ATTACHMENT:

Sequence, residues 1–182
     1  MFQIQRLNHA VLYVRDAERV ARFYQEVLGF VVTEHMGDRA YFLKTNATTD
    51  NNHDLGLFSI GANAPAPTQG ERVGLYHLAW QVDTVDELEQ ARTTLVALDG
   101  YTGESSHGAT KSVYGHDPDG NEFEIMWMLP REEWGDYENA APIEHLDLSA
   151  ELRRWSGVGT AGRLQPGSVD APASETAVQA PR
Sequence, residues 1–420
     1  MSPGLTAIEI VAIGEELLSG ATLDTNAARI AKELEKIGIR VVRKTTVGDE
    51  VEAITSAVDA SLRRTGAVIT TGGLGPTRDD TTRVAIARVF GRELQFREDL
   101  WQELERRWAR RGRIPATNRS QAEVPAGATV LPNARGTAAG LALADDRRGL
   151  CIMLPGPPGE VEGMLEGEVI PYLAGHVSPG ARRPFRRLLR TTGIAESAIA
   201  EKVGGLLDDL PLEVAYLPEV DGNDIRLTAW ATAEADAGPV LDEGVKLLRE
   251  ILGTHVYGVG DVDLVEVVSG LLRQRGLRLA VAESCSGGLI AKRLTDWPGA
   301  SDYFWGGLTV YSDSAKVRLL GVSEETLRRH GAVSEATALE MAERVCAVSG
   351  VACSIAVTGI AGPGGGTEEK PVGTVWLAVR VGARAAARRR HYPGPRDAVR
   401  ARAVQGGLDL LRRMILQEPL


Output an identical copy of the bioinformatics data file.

Sequence, residues 1–182
     1  MFQIQRLNHA VLYVRDAERV ARFYQEVLGF VVTEHMGDRA YFLKTNATTD
    51  NNHDLGLFSI GANAPAPTQG ERVGLYHLAW QVDTVDELEQ ARTTLVALDG
   101  YTGESSHGAT KSVYGHDPDG NEFEIMWMLP REEWGDYENA APIEHLDLSA
   151  ELRRWSGVGT AGRLQPGSVD APASETAVQA PR
Sequence, residues 1–420
     1  MSPGLTAIEI VAIGEELLSG ATLDTNAARI AKELEKIGIR VVRKTTVGDE
    51  VEAITSAVDA SLRRTGAVIT TGGLGPTRDD TTRVAIARVF GRELQFREDL
   101  WQELERRWAR RGRIPATNRS QAEVPAGATV LPNARGTAAG LALADDRRGL
   151  CIMLPGPPGE VEGMLEGEVI PYLAGHVSPG ARRPFRRLLR TTGIAESAIA
   201  EKVGGLLDDL PLEVAYLPEV DGNDIRLTAW ATAEADAGPV LDEGVKLLRE
   251  ILGTHVYGVG DVDLVEVVSG LLRQRGLRLA VAESCSGGLI AKRLTDWPGA
   301  SDYFWGGLTV YSDSAKVRLL GVSEETLRRH GAVSEATALE MAERVCAVSG
   351  VACSIAVTGI AGPGGGTEEK PVGTVWLAVR VGARAAARRR HYPGPRDAVR
   401  ARAVQGGLDL LRRMILQEPL